Research & Innovation

NSW Environment, Energy and Science (DPIE) Eureka Prize for Environmental Research

Blue Carbon Horizons Team

University of Wollongong; Macquarie University; and ANSTO


Eureka Prizes 2019 Finalists
Finalist - NSW Environment, Energy and Science (DPIE) Eureka Prize for Environmental Research Blue Carbon Horizons Team University of Wollongong, Macquarie University and ANSTO Image: Paul Jones
© University of Wollongong

Coastal wetlands are efficient natural systems in the trapping of carbon dioxide. The Blue Carbon Horizons Team has shown that the capacity of coastal wetlands to store carbon will substantially increase with sea level rise, providing a counter to global warming. Working alongside government, the team’s research is being used to protect and restore coastal ecosystems.



National Coral Bleaching Taskforce

James Cook University


Eureka Prizes 2019 Finalists
Finalist - NSW Environment, Energy and Science (DPIE) Eureka Prize for Environmental Research National Coral Bleaching Taskforce Scientist measures coral mortality following bleaching on the Northern Great Barrier Reef. Image: Tane Sinclair-Taylor
© James Cook University

In response to unprecedented coral bleaching caused by global warming, the National Coral Bleaching Taskforce was established to coordinate the world’s largest survey of reef health. Collected throughout 2016 and 2017, the results led to major new discoveries, international media attention and an increase in reef protection measures.



Weed Futures

Macquarie University


Eureka Prizes 2019 Finalists
Finalist - NSW Environment, Energy and Science (DPIE) Eureka Prize for Environmental Research Weed Futures team - Professor Lesley Hughes & Professor Michelle Leishman Image: Joanne Stephan
© Macquarie University

Introduced invasive plants threaten Australia’s unique landscapes and biodiversity. The Weed Futures project provides a powerful science-based decision-making tool for natural resource managers to help tackle the threat to Australia’s biodiversity from exotic plants under present and future climates.




University of Technology Sydney Eureka Prize for Excellence in Data Science

Professor Longbing Cao

University of Technology Sydney


Eureka Prizes 2019 Finalists
Finalist - University of Technology Sydney Eureka Prize for Excellence in Data Science Professor Longbing Cao Image: Baro Lee
© University of Technology Sydney

Professor Longbing Cao is a global leader in data science research, education and innovation. He has developed cutting-edge theories and systems to analyse real-life complex data for smarter business transformation. His work has enabled more efficient, active and tailored debt recovery and payment collection practices, producing significant socio-economic benefits to Australia.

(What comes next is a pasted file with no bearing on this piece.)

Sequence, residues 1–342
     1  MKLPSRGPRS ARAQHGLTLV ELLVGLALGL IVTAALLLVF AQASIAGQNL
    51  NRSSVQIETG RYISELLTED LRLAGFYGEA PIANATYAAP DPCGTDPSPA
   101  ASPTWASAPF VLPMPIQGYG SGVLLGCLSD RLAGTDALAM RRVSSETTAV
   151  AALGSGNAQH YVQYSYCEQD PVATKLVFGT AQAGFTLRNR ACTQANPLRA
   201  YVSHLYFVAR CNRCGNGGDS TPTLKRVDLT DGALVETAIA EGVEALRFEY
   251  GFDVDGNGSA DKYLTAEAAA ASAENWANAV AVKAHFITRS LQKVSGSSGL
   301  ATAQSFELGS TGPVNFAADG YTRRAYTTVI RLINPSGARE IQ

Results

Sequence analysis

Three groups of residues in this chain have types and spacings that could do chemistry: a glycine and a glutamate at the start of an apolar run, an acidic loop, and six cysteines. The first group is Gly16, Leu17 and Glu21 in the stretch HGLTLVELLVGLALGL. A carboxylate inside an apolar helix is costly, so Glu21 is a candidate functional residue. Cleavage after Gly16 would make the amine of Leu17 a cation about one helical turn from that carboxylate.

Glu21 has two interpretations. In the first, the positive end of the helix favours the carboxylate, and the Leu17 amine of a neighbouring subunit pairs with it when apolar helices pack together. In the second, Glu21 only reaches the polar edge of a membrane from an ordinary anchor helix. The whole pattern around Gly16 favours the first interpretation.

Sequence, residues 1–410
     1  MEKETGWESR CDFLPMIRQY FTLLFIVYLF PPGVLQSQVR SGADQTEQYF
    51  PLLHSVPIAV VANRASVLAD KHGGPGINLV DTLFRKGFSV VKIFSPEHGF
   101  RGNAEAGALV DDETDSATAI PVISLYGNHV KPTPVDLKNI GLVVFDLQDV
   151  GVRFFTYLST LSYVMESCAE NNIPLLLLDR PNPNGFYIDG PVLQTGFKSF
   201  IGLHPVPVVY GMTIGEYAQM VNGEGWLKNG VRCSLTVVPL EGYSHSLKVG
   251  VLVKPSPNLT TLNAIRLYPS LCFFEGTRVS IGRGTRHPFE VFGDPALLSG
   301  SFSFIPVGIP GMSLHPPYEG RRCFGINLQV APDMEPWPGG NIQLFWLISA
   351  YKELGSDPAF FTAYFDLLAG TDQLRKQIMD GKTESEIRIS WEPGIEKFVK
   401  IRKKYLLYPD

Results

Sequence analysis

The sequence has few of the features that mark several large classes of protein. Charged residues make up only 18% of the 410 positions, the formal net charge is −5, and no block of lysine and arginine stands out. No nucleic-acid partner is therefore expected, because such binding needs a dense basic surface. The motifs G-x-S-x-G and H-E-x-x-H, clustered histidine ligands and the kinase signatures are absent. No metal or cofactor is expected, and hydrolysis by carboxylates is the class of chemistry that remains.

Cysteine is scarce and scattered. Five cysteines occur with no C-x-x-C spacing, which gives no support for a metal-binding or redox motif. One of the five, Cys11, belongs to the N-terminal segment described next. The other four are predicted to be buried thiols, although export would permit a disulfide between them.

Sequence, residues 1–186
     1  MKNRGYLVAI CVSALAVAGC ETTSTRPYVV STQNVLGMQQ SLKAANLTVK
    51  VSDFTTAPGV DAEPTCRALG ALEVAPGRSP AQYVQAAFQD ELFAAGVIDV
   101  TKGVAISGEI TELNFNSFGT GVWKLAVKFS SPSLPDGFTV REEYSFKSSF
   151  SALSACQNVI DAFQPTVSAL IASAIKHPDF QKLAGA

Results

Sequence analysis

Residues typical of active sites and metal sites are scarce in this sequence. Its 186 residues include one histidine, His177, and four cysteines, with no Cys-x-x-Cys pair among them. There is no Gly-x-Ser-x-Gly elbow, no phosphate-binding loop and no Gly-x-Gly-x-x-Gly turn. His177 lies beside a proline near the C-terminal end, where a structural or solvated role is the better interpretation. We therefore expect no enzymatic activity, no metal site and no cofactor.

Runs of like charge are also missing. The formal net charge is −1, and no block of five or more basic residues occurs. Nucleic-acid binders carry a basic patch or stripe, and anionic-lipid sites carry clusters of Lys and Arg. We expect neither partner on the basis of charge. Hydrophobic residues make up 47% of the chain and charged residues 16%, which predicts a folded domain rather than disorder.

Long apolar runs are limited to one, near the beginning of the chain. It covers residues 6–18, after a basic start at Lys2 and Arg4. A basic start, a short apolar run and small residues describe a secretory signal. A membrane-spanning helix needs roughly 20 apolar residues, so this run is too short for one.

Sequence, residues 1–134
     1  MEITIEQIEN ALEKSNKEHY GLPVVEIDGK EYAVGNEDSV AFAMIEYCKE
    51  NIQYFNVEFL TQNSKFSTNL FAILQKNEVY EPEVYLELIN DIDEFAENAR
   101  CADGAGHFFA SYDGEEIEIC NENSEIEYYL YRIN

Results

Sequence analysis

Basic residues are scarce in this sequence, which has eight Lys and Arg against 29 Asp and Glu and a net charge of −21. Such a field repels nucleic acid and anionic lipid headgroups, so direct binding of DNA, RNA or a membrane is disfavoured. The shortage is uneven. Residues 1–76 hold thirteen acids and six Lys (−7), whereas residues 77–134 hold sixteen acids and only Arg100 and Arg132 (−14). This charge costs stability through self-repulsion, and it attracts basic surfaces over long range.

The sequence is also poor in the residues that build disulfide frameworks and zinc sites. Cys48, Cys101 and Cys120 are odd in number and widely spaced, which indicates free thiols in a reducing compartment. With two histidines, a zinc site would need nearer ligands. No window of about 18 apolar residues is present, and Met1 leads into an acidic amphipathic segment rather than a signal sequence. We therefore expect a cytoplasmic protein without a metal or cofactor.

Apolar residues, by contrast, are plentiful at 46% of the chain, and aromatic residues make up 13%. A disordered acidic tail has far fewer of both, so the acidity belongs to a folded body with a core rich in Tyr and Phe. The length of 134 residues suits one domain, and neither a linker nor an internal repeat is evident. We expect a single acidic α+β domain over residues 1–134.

DST ATHENA Team

Defence Science and Technology Group


Eureka Prizes 2019 Finalists
Finalist - University of Technology Sydney Eureka Prize for Excellence in Data Science DST ATHENA Team Image: Supplied
© Defence Science and Technology Group

A major challenge for national security is ensuring that trained personnel are available when required to operate aircraft, ships and submarines. Using data science algorithms and models to analyse billions of data points and simulate decades of complex operations, the DST ATHENA Team has solved this challenge.




UNSW Eureka Prize for Excellence in Interdisciplinary Scientific Research

Dental Detectives

Griffith University and Australian National University


Eureka Prizes 2019 Finalists
Finalist - UNSW Eureka Prize for Excellence in Interdisciplinary Scientific Research Dental Detectives Professor Tanya Smith of Griffith University with an iconic young Neanderthal skull. Tiny time lines in fossil teeth provide faithful clocks for reconstructing ancient climates on a weekly scale over several years. Image: Jeffrey Camden
© Griffith University

By integrating cutting-edge approaches from anthropology, geochemistry and oral biology, the Dental Detectives provide unprecedented insight into prehistoric humans. Recent examination of fossilised teeth in 250,000 year-old Neanderthal children from France revealed extreme seasonal temperature variation, as well as illnesses, insights into nursing behaviour and unexplainable lead exposure.



DiNeMo

CSIRO


Eureka Prizes 2019 Finalists
Finalist - UNSW Eureka Prize for Excellence in Interdisciplinary Scientific Research DiNeMo team Image: Supplied
© CSIRO

DiNeMo (Disease Networks and Mobility) is a real-time surveillance system for human infectious diseases, such as dengue. By combining expertise, data and methods from epidemiology, transport engineering, biosecurity and data science, DiNeMo enables hospitals and biosecurity agencies to predict when and where a disease outbreak is likely to occur, enabling efficient diagnosis and treatment.



Endovascular Bionics Laboratory

University of Melbourne and Synchron Inc.


Eureka Prizes 2019 Finalists
Finalist - UNSW Eureka Prize for Excellence in Interdisciplinary Scientific Research Endovascular Bionics Laboratory Image: Supplied
© University of Melbourne and Synchron Inc

Skilfully bringing together a wide variety of disciplines, Synchron and the Endovascular Bionics Laboratory have developed a technology with the potential to restore mobility to people with paralysis. The innovation enables control of external equipment via a Stentrode – a safe and efficacious way to access the brain via blood vessels.




Australian Infectious Diseases Research Centre Eureka Prize for Infectious Diseases Research

ACT Now for Tuberculosis Control

UNSW and University of Sydney


Eureka Prizes 2019 Finalists